Its so much cheaper to add blue ray to a PC than to buy a stand alone player though... Its also not very expensive to rent Blu-ray through Netflix and the available library is growing steadily.
I think people are just stuck thinking that they need a stand alone player because they always have for other media, and don't realize that their PC can do everything they would use most stand alone devices for.
Until we get to the point where games take multiple DVDs so it becomes tempting to start putting them on bluray I dont think bluray players are going to start being used normally. If they could get the price down below 80 then they might start selling more of them, but im not going to spend more on an optical drive than i spent on my hard drive.
[citation][nom]hunter315[/nom]but im not going to spend more on an optical drive than i spent on my hard drive.[/citation]
I agree. I've always hated optical media. They're slow, unreliable, (for most cases) read-only, and just a hassle to deal with. I probably won't ever buy a standalone blu-ray player. I might get a drive for my computer...but with downloadable content services, why bother? I can take all my movies with me on a hard disk, instead of taking a bajillion optical disks in their cases.
Damned analysts never actually ask anyone for a real opinion...
I'll tell you why it's not taking off plain and simple, it's the same reason DVDs in PCs lagged: writers are WAY too expensive, and media is scarce and even MORE expensive, and as yet, copying a BD to a BD-R is nowhere near cost effective, has compatability issues with players, and is still illegal. We're waiting for legal copying in the next release of the blueray firmware, PC based writers to drop to below the $100 mark, and for disks to drop to the $2 mark or lower... Also, some software to make writing a BRD easy needs to come along.
In 6-12 months, hardware prices should be in line, disk prices may get close to $1.50 each per 100 disks, and we'll see (hopefully) an answer to the legal copying debate. Then these things will fly off shelves.
The problem is cost and usablity. A regular DVDRW can do 90% of what the blueray drives can do and faster yet the BD's are several times more expensive. So these things are luxury items, not must haves.
It doesn't take a genius to figure that out. The ball is in the manufacturers court, not the consumer court.
I think everyone is mostly echoing the article in different words. Bottom line is that consumers just don't see the value in blue-ray (cuz there isn't much value for them yet) and won't until blue-ray content movies/media become more ubiquitous.
Blu-ray is bombing because Blu-ray is a videophile format. Sure, it looks better and sounds better, but most people would rather just go DVD and avoid the expense and hassle of Blu-ray.
And its really bombing in the PC world because there's still no affordable burnable media for Blu-ray drives. No user-made burnt Blu-ray media (due to its expense & slow speed) + more than adequate DVD movie quality + plentiful and cheap DVD+R/-R media = no real need for Blu-ray drives, esp. if you already have an extensive DVD movie collection.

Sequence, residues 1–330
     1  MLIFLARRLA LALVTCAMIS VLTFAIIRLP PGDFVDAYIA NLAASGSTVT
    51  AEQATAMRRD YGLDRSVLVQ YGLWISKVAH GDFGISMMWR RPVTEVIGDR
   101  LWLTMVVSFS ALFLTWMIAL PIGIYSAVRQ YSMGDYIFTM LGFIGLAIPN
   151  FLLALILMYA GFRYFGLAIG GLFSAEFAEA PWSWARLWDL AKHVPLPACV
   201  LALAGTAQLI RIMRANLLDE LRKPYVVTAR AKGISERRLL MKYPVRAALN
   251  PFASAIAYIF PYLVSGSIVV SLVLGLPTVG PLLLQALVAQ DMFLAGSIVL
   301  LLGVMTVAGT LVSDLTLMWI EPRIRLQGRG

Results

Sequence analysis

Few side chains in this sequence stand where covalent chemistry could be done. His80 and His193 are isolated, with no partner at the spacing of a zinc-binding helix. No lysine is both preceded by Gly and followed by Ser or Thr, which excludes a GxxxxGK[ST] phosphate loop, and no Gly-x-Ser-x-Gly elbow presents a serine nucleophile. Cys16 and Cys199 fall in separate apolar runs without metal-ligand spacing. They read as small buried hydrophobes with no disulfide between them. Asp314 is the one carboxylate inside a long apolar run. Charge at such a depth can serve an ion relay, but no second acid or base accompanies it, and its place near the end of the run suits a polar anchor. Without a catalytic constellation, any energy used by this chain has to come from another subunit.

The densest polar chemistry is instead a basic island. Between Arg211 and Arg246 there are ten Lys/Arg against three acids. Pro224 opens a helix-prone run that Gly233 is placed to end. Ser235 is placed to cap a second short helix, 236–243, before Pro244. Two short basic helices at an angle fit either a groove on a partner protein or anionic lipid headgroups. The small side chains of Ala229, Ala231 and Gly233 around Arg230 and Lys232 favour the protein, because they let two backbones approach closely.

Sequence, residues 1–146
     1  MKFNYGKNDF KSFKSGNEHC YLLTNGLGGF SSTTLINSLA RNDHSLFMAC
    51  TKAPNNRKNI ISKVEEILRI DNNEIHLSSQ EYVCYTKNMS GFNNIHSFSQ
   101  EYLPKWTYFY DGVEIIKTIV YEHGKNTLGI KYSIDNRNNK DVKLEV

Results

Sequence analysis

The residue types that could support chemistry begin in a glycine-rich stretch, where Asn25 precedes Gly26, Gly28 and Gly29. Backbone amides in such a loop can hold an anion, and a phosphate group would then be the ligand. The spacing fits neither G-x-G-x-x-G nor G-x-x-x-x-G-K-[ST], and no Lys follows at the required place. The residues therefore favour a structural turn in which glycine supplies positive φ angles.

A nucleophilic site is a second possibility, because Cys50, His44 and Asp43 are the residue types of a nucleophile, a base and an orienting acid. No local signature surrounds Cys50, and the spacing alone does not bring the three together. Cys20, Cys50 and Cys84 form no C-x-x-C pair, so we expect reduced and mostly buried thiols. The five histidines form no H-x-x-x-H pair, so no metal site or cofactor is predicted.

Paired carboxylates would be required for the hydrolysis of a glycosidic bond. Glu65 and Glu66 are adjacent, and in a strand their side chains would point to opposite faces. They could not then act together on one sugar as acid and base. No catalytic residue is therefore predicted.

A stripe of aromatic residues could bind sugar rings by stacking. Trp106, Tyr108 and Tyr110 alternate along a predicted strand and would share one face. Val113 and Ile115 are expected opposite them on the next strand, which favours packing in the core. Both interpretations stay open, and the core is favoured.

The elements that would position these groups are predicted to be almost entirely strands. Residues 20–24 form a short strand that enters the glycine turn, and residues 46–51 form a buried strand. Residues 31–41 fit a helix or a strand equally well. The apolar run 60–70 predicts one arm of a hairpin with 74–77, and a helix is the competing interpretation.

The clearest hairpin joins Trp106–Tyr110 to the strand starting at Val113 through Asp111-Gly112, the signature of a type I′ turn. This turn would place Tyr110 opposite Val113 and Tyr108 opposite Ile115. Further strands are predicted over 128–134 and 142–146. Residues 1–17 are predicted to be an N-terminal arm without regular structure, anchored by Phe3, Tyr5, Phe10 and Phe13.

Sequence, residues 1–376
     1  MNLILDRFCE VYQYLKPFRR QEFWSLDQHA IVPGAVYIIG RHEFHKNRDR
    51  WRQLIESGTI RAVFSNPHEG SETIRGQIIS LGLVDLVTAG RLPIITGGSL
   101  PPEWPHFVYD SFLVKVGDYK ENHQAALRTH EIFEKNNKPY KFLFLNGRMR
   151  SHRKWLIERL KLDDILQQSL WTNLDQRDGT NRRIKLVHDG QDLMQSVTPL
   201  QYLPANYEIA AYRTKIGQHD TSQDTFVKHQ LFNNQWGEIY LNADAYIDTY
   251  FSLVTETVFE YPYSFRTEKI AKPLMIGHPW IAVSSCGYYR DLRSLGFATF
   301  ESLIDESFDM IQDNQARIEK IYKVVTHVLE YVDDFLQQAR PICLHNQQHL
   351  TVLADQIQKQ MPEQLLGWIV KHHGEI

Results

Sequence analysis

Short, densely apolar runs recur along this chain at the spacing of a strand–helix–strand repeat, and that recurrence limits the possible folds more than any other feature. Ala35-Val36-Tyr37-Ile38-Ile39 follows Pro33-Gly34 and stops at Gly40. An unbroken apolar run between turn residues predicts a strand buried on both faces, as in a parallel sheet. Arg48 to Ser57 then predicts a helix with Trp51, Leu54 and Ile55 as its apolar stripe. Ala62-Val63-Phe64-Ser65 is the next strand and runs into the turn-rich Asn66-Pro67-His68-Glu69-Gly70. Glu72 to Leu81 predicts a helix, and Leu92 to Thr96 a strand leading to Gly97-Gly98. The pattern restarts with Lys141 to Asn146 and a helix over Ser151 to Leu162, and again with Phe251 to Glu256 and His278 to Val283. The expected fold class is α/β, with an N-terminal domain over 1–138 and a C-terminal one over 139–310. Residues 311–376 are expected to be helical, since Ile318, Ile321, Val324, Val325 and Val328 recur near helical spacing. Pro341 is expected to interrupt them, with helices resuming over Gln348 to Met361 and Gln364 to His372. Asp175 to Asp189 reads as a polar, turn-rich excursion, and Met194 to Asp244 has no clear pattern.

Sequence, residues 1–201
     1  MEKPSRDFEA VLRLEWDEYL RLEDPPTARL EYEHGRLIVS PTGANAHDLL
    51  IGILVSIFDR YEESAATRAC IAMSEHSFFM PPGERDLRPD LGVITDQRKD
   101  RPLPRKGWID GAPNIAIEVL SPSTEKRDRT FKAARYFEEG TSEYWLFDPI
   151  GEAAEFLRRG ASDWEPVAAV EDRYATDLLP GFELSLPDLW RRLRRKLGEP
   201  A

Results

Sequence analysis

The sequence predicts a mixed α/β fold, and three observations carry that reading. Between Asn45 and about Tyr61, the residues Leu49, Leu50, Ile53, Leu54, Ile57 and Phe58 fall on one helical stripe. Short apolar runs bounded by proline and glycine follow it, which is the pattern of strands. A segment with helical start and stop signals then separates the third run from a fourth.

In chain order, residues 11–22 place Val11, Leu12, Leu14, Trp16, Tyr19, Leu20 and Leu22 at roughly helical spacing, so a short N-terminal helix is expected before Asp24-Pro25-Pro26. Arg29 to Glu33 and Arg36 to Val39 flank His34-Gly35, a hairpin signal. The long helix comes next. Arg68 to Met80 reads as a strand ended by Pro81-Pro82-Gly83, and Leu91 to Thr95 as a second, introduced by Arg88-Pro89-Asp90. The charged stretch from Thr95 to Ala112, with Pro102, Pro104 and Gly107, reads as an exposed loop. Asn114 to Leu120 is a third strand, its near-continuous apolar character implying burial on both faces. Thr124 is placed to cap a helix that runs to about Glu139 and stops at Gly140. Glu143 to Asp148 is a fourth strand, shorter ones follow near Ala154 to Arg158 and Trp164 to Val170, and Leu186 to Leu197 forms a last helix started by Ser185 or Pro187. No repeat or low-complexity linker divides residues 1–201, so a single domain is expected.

I'm not planning on upgrading to Blu-ray anytime soon anyways...even if I do get an HD tv. I was a big supporter for Blu-ray in the format wars, but I don't care at all anymore since there seems to be no progress with the archival aspects of the media.
If you're a rich bastard however , I suppose its good to have *something* new to spend your money on.
PC users don't have much incentive to have a blu ray reader if they are happy watching semi-HD content online, often for free at that (assuming they don't have metered internet use ). Of course that means that if you want to burn data to use on another computer, it has to have a Blu Ray reader too, and if it doesn't you just wasted an expensive disk. Sure sometimes you need to move more data than a DVD allows, but with 16GB flash drives and above selling so cheap, as well as their ability to be used on most computers, using a BD disk instead doesn't seem as attractive.
I originally switched to burning DVDs when the cost per disk was cheap enough to do so. I pretty much looked at it as the cost per CD + a cd case, or sleeve if your being cheap, for each one was a little more than one DVD and one sleeve or slim case for backing up the same amount of data. Also it doesn't seem like burning those 25GB blu ray disks would save me too much time over burning 5 or 6 DVDs with my high speed plextor. Once Blu Ray media falls below $1 a disk and blu ray readers become cheaper, then they may have a chance of replacing DVDs for storage.
At this rate, Blu Ray will be replaced by the next thing before it ever becomes mainstream.
I'm am not excited about blueray because my eyes do not notice any improvement with blueray.
I am not excited about 1080p because my eyes do not notice any improvement over 720p.
I am not excited about an HTPC because I already have a perfectly good dvd player.
I am not excited about watching a movie on my pc monitor when I'm busy doing something else like answering questions at Tom's Hardware. I do not multi-task very well.
I am not excited about watching a movie on my 22 inch pc monitor in the den when I have an excellent 48 inch plasma TV and home theater system in the living room which includes the previously mentioned dvd player.
I don't even want a bluray drive unless it is burnable and those are still more than I want to pay... I would buy one for $50 if I could convice the wifie. Even then... HDD's have 10X or more capacity and at ten times the storage... You can get those 500GB drives for $50. The video quality difference from an upscaled DVD to a blu ray is only noticable on a LARGE (about 48" or more) 1080 screen. Upscaled DVD's are fine with me for now... I'll wait for the whole blu ray pricing to come down on.. the movies, blank disks and the players/burners.